The diorama was a flower-box, just like those hanging from every window in the square, filled with ladybugs; each playing a musical instrument with great vigor. There were ladybugs with drums and cymbals and horns and violins, and even harps. They sat on leaves and under flower petals, playing a waltz for pair of snails. Each petal and leaf of each colorful flower had been hand-shaped into the thinnest possible surface. And although each red-and-black ladybug looked nearly identical in shape, each wore a different and vivid expression on its face as it performed. The snails, a bride and groom, danced slowly with their tentacles entwined in the most charming and affectionate manner. There was so much to see, one could hardly see it all.
“Not only are ladybugs part of the display, they are also the product.” She pointed to the beveled glass shelves above the display, where an assortment of truffles, decorated as the ladybugs, were labeled. “The ladybugs with the cymbals are filled with mocha ganache; those with horns are filled with hazelnut, the drums coconut, and so on. Their very shape cries out to be bitten into, don’t you think?”
She was right. They were adorable and oh so tempting.
Three doors down from Rococo Lux was Le Fleur Chocolat; a painted brown exterior with pink and brown striped window canopies. The crowds here, while not as large as those at Rococo Lux, where nonetheless impressive.
Their window display recreated one of the many sidewalk cafes along the plaza. In this one, chocolate crickets sat at charming bistro tables, eating and drinking and singing the national song of Belgium, the Brabançonne. Hanging from every windowsill of the guildhouse windows above the café were the black, yellow, and red striped flags of Belgium. Everything in the tableau was made of either chocolate or molded fondant; from the cobblestones in the street to the delicate legs of the crickets themselves. The cricket waitresses wore white frilled aprons, and the guildhouse of each cricket patron could be easily recognized by the tiny feather worn in his cap.
“Hey! They stole our idea!” I pointed to the upright piano, where every few minutes, the top opened and a snake, almost exactly like Medusa’s tried to crawl out, only to be slapped back inside by the cricket piano player.
The display shelves above the scene were filled with cricket-shaped chocolates filled with a variety of liqueurs; everything from apple to peach brandy; even a cherry kirsch and champagne.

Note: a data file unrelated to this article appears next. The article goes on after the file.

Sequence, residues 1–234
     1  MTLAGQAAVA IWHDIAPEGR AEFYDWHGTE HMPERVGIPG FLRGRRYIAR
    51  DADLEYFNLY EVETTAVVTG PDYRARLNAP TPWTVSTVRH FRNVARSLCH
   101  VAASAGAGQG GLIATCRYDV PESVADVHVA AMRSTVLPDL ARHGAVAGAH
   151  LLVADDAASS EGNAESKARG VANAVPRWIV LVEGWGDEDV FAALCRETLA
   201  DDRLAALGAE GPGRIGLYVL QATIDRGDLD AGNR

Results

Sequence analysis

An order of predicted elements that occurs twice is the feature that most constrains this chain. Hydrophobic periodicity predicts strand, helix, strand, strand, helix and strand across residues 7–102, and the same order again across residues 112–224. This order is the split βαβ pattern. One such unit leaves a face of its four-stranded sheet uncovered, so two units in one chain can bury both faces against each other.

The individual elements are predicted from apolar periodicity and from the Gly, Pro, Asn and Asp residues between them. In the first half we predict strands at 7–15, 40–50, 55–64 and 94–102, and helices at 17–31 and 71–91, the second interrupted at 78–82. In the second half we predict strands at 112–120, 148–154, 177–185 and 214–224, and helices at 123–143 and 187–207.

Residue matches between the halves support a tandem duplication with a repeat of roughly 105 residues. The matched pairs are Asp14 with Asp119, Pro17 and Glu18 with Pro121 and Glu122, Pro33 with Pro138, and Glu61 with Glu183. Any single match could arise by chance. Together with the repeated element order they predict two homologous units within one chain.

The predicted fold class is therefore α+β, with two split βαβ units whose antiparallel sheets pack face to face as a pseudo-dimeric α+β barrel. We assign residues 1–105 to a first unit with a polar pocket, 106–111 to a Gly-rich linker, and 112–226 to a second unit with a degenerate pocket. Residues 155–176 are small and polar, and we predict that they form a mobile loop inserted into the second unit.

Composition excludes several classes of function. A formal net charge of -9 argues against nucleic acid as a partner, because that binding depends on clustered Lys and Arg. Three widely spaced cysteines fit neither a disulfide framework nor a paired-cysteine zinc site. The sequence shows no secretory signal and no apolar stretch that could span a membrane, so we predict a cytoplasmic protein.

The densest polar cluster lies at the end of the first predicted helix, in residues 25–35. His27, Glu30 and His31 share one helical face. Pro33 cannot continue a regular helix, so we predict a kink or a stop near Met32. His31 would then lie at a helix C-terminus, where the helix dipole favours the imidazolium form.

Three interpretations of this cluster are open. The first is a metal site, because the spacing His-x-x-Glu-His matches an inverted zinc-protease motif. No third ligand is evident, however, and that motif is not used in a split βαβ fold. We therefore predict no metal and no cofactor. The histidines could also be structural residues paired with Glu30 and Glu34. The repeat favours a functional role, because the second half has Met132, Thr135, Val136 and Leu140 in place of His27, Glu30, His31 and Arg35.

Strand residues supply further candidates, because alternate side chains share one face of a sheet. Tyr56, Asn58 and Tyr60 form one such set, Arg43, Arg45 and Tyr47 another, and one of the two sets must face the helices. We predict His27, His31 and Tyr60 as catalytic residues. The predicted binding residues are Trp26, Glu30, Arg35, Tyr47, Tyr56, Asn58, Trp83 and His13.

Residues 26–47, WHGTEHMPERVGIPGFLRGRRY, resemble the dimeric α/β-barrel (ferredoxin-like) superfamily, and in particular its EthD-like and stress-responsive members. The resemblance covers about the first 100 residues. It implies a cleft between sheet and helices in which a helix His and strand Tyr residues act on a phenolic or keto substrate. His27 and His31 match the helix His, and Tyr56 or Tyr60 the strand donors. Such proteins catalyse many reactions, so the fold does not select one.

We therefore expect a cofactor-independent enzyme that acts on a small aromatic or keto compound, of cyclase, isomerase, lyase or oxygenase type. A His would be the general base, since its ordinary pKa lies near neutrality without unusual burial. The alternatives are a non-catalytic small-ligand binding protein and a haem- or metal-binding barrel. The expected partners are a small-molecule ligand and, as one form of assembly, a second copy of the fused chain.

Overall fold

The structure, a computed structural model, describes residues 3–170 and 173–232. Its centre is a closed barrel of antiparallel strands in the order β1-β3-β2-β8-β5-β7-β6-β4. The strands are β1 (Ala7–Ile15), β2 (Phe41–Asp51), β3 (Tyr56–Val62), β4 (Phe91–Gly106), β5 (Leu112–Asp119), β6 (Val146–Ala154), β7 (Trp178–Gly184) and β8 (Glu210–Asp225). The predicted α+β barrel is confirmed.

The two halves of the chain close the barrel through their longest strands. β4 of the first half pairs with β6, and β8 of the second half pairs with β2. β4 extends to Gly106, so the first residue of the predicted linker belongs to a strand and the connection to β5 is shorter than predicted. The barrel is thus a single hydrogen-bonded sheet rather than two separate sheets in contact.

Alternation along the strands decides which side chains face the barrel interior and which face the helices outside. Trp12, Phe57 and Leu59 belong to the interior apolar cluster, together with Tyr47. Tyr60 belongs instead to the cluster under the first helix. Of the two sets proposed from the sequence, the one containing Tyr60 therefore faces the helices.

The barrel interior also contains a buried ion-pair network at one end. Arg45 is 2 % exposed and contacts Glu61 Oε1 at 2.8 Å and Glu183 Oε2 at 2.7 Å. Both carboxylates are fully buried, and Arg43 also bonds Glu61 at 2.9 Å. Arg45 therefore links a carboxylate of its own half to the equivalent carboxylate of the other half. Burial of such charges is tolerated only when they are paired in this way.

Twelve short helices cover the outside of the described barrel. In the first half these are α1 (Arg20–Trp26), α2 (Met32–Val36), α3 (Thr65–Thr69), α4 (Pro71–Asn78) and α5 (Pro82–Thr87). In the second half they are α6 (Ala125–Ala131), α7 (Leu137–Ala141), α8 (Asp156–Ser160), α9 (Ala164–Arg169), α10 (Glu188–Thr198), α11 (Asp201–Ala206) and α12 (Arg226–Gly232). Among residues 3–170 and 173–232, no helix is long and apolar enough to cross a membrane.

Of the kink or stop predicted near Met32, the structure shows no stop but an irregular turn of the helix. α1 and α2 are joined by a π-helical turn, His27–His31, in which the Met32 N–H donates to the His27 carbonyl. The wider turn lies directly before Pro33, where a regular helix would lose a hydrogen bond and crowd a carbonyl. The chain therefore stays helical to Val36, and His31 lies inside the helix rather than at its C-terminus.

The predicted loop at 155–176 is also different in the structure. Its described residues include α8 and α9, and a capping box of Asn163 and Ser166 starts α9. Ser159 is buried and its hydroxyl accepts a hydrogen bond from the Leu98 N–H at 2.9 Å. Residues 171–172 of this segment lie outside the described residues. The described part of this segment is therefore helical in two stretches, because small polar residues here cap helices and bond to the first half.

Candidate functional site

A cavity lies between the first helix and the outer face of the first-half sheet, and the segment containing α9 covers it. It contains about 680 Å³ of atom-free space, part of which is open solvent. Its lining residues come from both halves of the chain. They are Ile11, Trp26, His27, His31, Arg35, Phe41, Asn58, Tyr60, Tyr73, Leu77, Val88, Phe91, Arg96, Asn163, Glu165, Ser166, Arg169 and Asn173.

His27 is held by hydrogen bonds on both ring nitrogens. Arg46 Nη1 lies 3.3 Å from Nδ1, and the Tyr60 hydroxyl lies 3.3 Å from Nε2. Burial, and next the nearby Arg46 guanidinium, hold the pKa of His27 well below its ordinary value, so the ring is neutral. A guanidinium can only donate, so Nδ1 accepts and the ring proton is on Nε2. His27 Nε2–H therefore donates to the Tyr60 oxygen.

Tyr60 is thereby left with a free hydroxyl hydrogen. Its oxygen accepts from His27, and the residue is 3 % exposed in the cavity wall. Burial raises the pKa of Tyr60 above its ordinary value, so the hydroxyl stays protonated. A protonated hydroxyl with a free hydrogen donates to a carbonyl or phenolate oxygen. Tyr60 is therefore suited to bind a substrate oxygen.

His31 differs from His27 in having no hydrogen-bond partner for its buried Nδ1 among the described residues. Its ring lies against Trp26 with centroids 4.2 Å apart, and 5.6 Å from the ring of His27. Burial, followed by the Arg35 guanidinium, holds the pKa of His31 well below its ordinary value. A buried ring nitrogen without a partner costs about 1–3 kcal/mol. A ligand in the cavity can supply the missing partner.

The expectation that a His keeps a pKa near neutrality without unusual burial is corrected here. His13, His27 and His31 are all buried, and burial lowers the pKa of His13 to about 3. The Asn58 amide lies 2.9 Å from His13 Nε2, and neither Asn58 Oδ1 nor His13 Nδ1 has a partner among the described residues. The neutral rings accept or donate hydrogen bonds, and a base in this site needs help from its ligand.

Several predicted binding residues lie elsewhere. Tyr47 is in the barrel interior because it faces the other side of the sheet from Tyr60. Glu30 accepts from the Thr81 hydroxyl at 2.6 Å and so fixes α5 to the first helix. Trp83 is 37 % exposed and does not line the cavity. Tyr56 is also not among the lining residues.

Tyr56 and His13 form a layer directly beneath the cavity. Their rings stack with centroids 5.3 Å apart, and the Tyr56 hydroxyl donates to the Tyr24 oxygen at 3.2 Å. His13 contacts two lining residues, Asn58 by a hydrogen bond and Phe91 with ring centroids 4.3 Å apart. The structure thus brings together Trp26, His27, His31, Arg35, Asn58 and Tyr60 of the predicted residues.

“Good heavens,” Father murmured. “This is incredible. I had no idea.”
We walked slowly back to the Bouchée Sucrée. Now that we had feasted our eyes on the wares of Rococo Lux and Le Fleur Chocolat, Madame Lavender’s windows looked dull and unappetizing.
“I need more sugar, Madame. Le Mix is still too dark. The appeal of your competitors designs is influenced to a great degree by the composition of their animation elixir. If you want cheerful animation, we must dilute Le Mix further.”
Madame’s leg was obviously causing her great pain, but her conviction was unwavering. “As I explained earlier, Monsieur Hébert, sugar is very expensive these days. If I give you any more, we will not have enough to stay open through the season.”
“I understand. Look, I don’t want to offend you, but I couldn’t help but notice your leg seems to be bothering you. With a few adjustments, I believe Fritz and I can alleviate your discomfort….”
Three days and fifty pounds of sugar later, Dietrich rolled out the diluted Le Mix onto the wooden work surface and we went to work. The mixture was significantly lighter than before, especially since Marie convinced Father not to send Medusa’s head or her snakes back into Le Mix. Although still nippy, Marie had taught the snakes to fetch the proper spices from the spice cabinet, and they seemed much happier now that they had a job to do. The only person they still tried to bite was Laḃou.
Father had had a grand vision for the window design, one we all were very excited about. Bruxelles was famous for its love of circuses, and our circus was certainly shaping to be every bit as fantastic as the window box lady bugs and cricket cafe. The work was painstaking and extremely detailed; requiring hours of delicate handwork. Marie praised my ability to form the hard candy base while it was still hot, and sculpt the chocolate with the finest details. My needle-sharp fingers were never so well used on the battlefield.